From the vegetable marrow you derive no nourishment, and certainly you
derive no exercise; for, being a soft, weak, spiritless thing, it
offers no resistance whatever, and it looks a good deal like a streak
of solidified fog and tastes like the place where an indisposed carrot
spent the night. Next to our summer squash it is the feeblest
imitation that ever masqueraded in a skin and called itself a
vegetable. Yet its friends over there seem to set much store by it.

Likewise the English cook has always gone in rather extensively for
boiling things. When in doubt she boiled. But it takes a lot of
retouching to restore to a piece of boiled meat the juicy essences
that have been simmered and drenched out of it. Since the English
people, with such admirable English thoroughness, cut down on fats and
oils and bacon garnishments, so that the greases might be conserved
for the fighting forces; and since they have so largely had to do
without imported spices and condiments, because the cargo spaces in
the ships coming in were needed for military essentials, the boiled
dishes of England appear to have lost most of their taste.

You can do a lot of browsing about at an English table these days and
come away ostensibly filled; but inside you there will be a persistent
unsatisfied feeling, all the same, which is partly due, no doubt, to
the lack of sweetening and partly due to the lack of fats, but due
most of all, I think, to a natural disappointment in the results. In
the old times a man didn't feel that he had dined well in England
unless for an hour or two afterward he had the comfortable gorged
sensation of a python full of pigeons.

I shall never forget the first meals I had on English soil, this
latest trip. At the port where we landed, in the early afternoon of a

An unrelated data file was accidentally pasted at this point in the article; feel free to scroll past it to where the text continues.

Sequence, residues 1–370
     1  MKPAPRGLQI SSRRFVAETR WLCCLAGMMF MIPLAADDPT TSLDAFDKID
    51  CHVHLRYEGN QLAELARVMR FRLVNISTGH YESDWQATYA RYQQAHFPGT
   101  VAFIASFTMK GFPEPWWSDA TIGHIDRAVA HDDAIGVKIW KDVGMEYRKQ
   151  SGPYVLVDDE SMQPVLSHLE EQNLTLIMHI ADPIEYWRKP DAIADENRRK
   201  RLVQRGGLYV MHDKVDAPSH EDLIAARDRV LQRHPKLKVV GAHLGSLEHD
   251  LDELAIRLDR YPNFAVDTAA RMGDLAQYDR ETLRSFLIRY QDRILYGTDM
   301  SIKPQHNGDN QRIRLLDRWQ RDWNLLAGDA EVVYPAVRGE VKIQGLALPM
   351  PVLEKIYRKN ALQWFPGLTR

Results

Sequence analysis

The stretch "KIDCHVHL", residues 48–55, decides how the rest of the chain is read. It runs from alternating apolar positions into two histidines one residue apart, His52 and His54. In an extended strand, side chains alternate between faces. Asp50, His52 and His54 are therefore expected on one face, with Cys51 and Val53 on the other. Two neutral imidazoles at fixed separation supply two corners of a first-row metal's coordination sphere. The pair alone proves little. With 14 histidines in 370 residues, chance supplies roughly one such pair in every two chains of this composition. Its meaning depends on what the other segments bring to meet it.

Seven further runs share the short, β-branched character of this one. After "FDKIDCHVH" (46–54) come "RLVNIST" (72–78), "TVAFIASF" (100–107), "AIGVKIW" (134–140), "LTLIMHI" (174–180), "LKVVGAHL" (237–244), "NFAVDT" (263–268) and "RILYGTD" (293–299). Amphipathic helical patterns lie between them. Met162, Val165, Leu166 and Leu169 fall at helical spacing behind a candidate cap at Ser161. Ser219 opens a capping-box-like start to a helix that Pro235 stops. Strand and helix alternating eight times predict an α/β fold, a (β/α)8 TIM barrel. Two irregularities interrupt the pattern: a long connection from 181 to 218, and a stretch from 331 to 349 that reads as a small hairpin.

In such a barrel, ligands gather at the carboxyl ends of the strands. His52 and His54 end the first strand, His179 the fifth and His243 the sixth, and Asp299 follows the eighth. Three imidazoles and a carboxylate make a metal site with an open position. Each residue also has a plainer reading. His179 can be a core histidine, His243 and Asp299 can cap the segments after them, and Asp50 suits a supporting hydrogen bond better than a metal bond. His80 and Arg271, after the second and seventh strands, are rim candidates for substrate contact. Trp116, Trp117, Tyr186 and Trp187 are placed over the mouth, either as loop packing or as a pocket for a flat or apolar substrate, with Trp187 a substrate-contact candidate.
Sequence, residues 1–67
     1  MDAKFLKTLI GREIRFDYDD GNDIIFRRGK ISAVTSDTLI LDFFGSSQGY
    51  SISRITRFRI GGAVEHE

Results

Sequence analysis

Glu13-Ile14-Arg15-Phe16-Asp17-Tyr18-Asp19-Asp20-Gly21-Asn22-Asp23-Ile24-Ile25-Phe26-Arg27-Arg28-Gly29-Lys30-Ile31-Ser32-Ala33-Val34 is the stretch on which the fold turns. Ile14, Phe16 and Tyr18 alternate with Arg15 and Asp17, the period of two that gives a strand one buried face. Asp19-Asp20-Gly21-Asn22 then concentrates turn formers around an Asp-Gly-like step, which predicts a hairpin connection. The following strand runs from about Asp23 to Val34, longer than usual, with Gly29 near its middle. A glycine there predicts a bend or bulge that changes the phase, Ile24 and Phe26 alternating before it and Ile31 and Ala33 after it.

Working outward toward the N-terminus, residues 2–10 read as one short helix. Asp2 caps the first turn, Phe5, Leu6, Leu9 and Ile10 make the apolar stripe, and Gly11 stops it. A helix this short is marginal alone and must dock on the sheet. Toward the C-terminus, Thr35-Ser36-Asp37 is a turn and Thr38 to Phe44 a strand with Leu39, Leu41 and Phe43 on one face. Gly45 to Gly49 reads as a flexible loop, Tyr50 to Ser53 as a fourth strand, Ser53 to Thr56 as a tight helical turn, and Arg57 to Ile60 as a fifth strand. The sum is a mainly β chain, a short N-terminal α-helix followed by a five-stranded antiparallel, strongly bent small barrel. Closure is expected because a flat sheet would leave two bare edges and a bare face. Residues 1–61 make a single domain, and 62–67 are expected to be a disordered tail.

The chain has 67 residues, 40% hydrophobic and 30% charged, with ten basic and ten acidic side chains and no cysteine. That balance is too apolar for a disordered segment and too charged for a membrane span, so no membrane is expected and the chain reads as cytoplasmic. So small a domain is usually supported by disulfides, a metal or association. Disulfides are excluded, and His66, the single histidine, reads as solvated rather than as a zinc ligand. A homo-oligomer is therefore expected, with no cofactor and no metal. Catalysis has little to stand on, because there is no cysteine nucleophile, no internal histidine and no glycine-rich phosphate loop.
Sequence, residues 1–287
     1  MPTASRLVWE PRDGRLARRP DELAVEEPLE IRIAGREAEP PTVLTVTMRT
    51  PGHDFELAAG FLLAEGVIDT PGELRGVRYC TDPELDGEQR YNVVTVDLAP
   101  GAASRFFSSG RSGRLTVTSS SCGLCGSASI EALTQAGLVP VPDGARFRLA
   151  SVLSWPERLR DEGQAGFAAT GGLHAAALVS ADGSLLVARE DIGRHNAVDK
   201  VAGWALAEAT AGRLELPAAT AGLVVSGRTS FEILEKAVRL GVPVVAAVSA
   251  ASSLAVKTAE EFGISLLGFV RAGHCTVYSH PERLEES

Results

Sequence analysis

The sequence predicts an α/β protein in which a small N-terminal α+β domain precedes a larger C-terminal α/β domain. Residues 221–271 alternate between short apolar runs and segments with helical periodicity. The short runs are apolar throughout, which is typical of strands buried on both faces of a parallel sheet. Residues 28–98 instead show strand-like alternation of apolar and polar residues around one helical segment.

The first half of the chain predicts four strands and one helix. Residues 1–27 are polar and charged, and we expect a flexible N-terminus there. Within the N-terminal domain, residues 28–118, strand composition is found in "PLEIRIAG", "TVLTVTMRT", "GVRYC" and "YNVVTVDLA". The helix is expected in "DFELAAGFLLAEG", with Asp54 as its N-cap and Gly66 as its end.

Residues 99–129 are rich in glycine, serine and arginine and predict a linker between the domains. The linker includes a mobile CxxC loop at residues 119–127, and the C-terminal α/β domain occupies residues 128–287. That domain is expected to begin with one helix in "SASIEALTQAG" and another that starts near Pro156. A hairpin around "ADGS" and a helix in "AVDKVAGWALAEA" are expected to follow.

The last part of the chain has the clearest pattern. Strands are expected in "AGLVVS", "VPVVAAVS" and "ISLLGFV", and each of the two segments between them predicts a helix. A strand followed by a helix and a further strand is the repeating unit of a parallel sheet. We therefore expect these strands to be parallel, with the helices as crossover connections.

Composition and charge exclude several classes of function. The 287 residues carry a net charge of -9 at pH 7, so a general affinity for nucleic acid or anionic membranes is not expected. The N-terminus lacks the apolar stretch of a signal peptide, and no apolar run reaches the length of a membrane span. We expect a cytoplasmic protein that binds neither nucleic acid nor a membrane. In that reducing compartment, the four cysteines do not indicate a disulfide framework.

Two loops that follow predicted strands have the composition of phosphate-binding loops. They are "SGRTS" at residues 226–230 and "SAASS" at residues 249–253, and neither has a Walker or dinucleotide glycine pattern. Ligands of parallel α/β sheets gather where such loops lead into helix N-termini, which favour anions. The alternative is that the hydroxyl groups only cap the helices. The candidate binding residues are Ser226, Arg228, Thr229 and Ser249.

raw day, you could get tea if you cared for tea, which I do not; but
there was no sugar--only saccharine--to sweeten it with, and no rich
cream, or even skim milk, available with which to dilute it. The
accompanying buns had a flat, dry, floury taste, and the portions of
butter served with them were very homoeopathic indeed as to size and
very oleomargarinish as to flavour.

Going up to London we rode in a train that was crowded and darkened.
Brilliantly illuminated trains scooting across country offered an
excellent mark for the aim of hostile air raiders, you know; so in
each compartment the gloom was enhanced rather than dissipated by two
tiny pin points of a ghastly pale-blue gas flame. I do not know why
there should have been two of these lights, unless it was that the
second one was added so that by its wan flickerings you could see the
first one, and vice versa.

During the trip, which lasted several hours longer than the scheduled
running time, we had for refreshments a few gnarly apples, purchased
at a way station; and that was all. Recalling the meals that formerly
had been served aboard the boat trains of this road, I realised I was
getting my preliminary dose of life on an island whose surrounding
waters were pestered by U-boats and whose shipping was needed for